Comics: Snake Eyes #12
With the Joes believing he's dead, Snake Eyes joins forces with Storm Shadow and the Arashikage to take down Cobra and Zartan. First, though, he visits a friend from his past, the Hard Master.
All three of the Cobra Command: Aftermath issues have been the quiet after the storm. Little action, but plenty of plot movement and introspection. In this issue, Snake Eyes visits an old acquaintance, Hard Master, and small amounts of Snake Eye's past, especially related to the Arashikage, creeps through the conversation they have.
Of course, no issue of Snake Eyes would be complete without ninja action, and on cue, Snake Eyes single-handedly take down a gang to avenge a female friend. What is interesting about this sequence is the brutality of its execution. This was not Snake Eyes attacking nameless, faceless Red Ninja; this was Snake Eyes executing American citizens on American soil, many of them unarmed, without the right to a trail. This was not Snake Eyes, American soldier, but Snake Eyes, Arashikage assassin. And that subtle shift has been the most interesting thing to happen to Snake Eyes in the past 12 issues.
Hard Master plays such a critical role in the Arashikage mythology of the Marvel series that one cannot help but to speculate what his role will be in the IDW universe. From his first appearance in this issue, we learn quite a bit. He is Korean and former member for the Arashikage clan. Apparently, like in the Marvel universe, he, along with Soft Master, helped train Snake Eyes. However, the subtext of Hard Master's dialog with Snake Eyes implies that Hard Master was not the clan leader of the Arashikage, and that indeed, Snake Eyes helped Hard Master escape from the clan. He's not quite portrayed as the "best of the best" in this issue (after being clocked in the head with a tin can and his less than graceful dismount off the shelving). Interesting, the name of the Soft Master had been brought up and purposefully glossed over a couple times, suggesting that Dixon has a deeper history in mind that he still plans to explore.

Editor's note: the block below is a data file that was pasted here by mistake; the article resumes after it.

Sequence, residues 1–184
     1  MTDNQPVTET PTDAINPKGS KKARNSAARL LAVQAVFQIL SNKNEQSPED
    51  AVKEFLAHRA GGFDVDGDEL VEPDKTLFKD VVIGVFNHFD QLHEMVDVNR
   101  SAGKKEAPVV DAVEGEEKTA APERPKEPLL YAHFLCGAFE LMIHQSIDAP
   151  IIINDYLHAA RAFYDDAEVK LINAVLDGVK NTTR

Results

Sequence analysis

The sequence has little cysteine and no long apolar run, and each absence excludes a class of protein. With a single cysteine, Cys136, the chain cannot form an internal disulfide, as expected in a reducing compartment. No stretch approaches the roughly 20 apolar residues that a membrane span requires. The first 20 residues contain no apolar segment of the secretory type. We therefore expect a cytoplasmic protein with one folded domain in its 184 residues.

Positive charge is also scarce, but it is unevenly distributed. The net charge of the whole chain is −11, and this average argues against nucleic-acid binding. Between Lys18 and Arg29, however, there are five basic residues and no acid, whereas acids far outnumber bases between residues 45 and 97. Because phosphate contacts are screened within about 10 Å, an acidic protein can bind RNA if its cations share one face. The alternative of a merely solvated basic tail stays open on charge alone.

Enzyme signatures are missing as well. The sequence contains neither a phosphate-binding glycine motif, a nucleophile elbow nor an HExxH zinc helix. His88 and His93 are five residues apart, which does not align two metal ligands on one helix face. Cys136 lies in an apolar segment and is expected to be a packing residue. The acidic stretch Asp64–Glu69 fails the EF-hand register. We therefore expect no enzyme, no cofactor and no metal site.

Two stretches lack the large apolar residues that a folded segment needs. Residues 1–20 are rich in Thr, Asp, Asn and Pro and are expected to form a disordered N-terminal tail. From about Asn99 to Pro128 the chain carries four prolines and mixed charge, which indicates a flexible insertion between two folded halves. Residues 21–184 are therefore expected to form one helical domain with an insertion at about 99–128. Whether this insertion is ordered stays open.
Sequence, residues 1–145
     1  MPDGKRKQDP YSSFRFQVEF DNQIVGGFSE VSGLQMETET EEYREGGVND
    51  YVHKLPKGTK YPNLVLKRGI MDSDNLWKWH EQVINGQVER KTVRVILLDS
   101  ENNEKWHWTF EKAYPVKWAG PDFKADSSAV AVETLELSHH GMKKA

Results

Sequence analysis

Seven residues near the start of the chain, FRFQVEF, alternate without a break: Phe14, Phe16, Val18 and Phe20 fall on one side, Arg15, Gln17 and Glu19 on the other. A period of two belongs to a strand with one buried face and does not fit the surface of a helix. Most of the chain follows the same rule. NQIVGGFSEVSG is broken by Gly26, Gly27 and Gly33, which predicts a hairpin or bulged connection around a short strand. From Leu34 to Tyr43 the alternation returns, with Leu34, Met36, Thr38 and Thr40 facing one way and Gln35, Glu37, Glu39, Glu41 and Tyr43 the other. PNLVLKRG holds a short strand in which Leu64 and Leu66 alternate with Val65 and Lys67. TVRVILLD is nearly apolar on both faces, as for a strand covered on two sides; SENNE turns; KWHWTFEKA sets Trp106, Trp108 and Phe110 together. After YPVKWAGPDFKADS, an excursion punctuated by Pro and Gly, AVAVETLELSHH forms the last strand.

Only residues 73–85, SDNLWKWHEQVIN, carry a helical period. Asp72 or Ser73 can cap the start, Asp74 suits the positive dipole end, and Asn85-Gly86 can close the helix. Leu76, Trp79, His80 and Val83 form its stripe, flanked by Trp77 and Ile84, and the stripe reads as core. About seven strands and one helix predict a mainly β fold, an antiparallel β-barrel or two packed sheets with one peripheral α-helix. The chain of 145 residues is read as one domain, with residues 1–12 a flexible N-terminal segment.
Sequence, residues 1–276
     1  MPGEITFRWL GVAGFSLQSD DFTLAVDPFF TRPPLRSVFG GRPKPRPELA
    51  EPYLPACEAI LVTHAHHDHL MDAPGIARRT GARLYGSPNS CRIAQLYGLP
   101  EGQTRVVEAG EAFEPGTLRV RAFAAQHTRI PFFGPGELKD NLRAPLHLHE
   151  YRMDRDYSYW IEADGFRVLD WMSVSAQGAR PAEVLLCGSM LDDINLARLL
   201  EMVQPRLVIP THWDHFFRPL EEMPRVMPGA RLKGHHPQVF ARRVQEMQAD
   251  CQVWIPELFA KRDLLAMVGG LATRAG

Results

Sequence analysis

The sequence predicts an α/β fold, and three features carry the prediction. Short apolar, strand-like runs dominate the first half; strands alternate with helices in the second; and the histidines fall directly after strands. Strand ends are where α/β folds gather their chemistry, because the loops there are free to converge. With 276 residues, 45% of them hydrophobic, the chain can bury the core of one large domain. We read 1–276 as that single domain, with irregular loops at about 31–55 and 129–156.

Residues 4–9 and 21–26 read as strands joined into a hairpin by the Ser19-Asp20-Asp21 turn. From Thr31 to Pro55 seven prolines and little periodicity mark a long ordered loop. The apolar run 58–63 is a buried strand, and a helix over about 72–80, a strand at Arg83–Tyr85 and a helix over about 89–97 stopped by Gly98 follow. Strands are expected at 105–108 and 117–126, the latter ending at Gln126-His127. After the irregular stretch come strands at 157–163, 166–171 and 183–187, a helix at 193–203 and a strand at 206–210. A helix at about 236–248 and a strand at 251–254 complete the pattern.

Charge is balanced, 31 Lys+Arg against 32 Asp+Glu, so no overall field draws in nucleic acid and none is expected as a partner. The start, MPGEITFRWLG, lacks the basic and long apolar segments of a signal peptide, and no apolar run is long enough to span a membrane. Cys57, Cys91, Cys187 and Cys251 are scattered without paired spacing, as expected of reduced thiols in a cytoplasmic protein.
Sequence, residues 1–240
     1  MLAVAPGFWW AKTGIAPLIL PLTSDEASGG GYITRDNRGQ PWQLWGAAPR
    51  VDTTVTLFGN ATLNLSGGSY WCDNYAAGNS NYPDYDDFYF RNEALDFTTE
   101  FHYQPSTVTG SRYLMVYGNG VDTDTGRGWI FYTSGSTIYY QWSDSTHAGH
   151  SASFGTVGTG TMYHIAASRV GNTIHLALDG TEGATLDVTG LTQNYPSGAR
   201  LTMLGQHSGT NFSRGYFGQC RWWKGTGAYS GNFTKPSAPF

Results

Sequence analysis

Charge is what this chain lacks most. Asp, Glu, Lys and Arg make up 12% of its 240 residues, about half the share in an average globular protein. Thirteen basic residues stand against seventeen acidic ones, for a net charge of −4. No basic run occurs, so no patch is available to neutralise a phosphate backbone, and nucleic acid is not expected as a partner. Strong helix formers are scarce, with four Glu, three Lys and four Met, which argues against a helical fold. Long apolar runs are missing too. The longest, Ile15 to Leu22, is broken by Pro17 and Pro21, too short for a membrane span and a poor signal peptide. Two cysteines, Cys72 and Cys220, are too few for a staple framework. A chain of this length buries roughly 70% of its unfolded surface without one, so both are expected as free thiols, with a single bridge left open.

I quite enjoyed the art in this issue. Much darker in tone and color palatte than the previous issues of Snake Eyes, Beni Lobel's style worked very well for this darker story. Lobel does interesting layouts, with irregularly sized and spaced panels, like photographs scattered over splash-page backgrounds. The characters sometimes spill over the borders of their respective panels, especially during action sequences. The end results are beautifully illustrated and dynamic works. Lebel's been contributing to several Joe books for the past couple months. He is definitely someone I'm keeping an eye out for in the future.
Next month, the title gets remained as Snake Eyes & Storm Shadow. Better yet, we'll get the return of the definitive Joe artist: Robert Atkins!
A surprisingly enjoyable issue, with plenty to think about, both in terms of Snake Eye's past and what direction he will take in the future. Recommended.